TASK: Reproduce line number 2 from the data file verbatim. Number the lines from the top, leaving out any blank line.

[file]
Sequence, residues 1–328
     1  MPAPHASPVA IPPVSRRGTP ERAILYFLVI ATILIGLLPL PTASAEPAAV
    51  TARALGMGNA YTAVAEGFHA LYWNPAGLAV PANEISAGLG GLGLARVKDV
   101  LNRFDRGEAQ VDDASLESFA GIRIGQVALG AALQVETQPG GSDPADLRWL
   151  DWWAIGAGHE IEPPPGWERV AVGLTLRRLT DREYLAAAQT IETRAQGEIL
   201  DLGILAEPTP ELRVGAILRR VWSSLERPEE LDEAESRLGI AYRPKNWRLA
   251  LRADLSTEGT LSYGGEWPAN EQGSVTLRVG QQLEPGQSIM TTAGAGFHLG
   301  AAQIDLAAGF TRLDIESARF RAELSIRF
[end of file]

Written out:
     1  MPAPHASPVA IPPVSRRGTP ERAILYFLVI ATILIGLLPL PTASAEPAAV